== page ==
Friday July 5, 2013 2:30 PM
(Kitco News) -Gold traders are likely to remain preoccupied next
week with thoughts about when the Federal Reserve might scale back
its quantitative-easing program, although the ongoing conflict in
Egypt and exchange-traded-fund flows also will be on their
Gold has suffered since mid-June when Fed Chairman Ben Bernanke
suggested policymakers could start to taper their bond-buying
program yet this year if the economy continues to improve. Analysts
say that notion was reinforced Friday when the U.S. jobs report for
June was stronger than what markets had factored in. Gold fell as
the dollar and Treasury yields rose.
Gold and silver were higher for the week until the Labor
Department early Friday reported a stronger-than-forecast 195,000
rise in June non-farm payrolls, along with upward revisions for May
and April. The market then turned south, with the most-active
August futures finishing the week with a loss of $11 to $1,212.70
an ounce on the Comex division of the New York Mercantile Exchange.
September silver lost 73.4 cents for the week to $18.736.
Traders will keep monitoring data to see if in fact the economy
does continue to pick up or instead reverses course, although the
economic calendar is light until weekly jobless claims Thursday,
followed by the Producer Price Index and University of
Michigan/Thomson Reuters report on consumer sentiment Friday. On
Wednesday, they will also get minutes of the last meeting of the
Federal Open Market Committee.
"We had the jobs report today. That moved forward expectations
that the Fed eases (up on its bond purchases) sooner rather than
later," said Robin Bhar, analyst with Societe Generale. "So the
market will be focused on economic data to fine-tune when they will
In particular, this could exert some pressure on gold during the
early part of the week, said Sean Lusk, director of commercial
hedging with Walsh Trading. That's because a lot of U.S. traders
are away on Friday, taking a four-day weekend after the Fourth of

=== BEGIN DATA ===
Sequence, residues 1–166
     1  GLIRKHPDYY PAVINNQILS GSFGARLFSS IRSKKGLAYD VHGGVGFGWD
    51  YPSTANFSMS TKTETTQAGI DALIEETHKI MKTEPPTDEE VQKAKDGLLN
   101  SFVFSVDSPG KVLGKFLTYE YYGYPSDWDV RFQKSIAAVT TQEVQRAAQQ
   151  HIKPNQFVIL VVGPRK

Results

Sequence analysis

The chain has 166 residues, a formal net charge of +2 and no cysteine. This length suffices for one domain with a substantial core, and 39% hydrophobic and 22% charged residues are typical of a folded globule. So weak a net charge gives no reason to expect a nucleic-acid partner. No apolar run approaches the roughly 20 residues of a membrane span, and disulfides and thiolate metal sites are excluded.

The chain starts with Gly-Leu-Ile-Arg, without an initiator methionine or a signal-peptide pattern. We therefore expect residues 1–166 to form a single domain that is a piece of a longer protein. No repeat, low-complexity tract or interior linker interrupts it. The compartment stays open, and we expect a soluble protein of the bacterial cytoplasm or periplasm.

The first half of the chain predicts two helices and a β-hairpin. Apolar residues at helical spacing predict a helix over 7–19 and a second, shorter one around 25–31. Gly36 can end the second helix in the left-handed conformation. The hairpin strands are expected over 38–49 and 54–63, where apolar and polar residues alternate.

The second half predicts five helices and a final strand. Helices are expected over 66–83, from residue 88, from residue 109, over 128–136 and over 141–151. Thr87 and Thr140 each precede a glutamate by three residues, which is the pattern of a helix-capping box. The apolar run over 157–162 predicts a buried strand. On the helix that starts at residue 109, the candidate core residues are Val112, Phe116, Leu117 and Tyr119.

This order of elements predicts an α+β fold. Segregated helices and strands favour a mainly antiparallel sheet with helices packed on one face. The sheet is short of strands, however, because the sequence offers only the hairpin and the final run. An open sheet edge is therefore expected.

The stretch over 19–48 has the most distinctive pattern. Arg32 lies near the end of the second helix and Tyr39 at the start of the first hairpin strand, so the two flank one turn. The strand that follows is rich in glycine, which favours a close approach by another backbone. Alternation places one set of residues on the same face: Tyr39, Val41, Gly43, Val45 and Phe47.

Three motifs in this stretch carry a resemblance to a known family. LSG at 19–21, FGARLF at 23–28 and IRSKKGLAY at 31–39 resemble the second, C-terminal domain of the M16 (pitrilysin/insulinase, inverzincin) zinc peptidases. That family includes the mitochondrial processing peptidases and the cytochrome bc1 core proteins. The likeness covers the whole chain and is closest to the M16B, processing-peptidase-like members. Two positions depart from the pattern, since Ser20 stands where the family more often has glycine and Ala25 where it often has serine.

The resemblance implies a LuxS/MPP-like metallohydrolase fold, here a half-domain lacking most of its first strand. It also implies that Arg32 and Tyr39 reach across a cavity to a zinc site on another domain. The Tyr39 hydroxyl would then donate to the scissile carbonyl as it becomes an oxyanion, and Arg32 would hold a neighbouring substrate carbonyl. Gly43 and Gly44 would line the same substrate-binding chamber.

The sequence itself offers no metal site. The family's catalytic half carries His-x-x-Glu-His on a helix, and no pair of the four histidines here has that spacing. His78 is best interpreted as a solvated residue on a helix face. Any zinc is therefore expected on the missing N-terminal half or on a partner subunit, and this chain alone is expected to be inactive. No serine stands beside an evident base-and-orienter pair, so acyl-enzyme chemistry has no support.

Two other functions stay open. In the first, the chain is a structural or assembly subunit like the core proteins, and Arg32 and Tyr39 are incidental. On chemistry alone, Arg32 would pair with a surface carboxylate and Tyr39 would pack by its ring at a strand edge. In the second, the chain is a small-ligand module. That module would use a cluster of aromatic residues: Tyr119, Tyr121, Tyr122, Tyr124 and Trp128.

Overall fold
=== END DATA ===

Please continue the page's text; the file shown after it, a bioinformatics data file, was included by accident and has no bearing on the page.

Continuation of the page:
July holiday on Thursday. When they return Monday, some will be
reacting to the jobs news for the first time.
Had trading desks been fully staffed on Friday, gold may have
fallen by as much as $60 to $70 after the jobs report, said
Sterling Smith, futures specialist with Citi Institutional Client
Group. As a result, he likewise suspects gold could weaken further
on Monday, at least while returning market participants play
Traders Also To Monitor Egypt, ETF Flows
While the dollar and Fed seems to be constantly on the minds of
gold traders, the gold market also may start reacting more to the
political crisis in Egypt, said Afshin Nabavi, head of trading with
MKS (Switzerland) SA. Tensions are high in Egypt, with protests
occurring after the military took over control of the government
this week following discontent with the president. Egypt is not a
major oil producer, but the market nevertheless tends to worry
about whether crises in the region will spread and disrupt
shipments, such as through the Suez Canal.
"The situation in the Middle East, particularly Egypt, is pretty
tense," Nabavi said. "That's reflected in the price of oil right
now. Gold could follow the gold market."
August crude oil on the New York Mercantile Exchange traded as
high as $103.25 a barrel this week, its highest level in more than
Traders also continue to monitor holdings of exchange-traded
products backed by gold, Bhar said. Large outflows have occurred so
far this year as investors exited positions, adding to the
downdraft in gold.
Additionally, observers said, the market will remain on the
lookout for any signs on whether physical demand picks up more
strongly. "Physical demand is slowly starting to pick up and we
look for gold to hold in here with $1,250 now our short-term
resistance," said a research note from TD Securities.
Barclays pointed out that ETP outflows have slowed during the
early part of July, with 4.8 metric tons for the month so far.
"However, physical demand has not responded to the lower price
environment to the same magnitude as seen in April," Barclays said.
"Volume traded on the Shanghai Gold Exchange remains elevated but
well below the levels set in April; the rolling monthly average is
some 20% below the peak set in April. Demand in India remains
lackluster, with local traders reporting subdued interest in the
usually slow period for demand."
(Editor's note: Neils Christensen contributed to this
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By Allen Sykora of Kitco News; firstname.lastname@example.org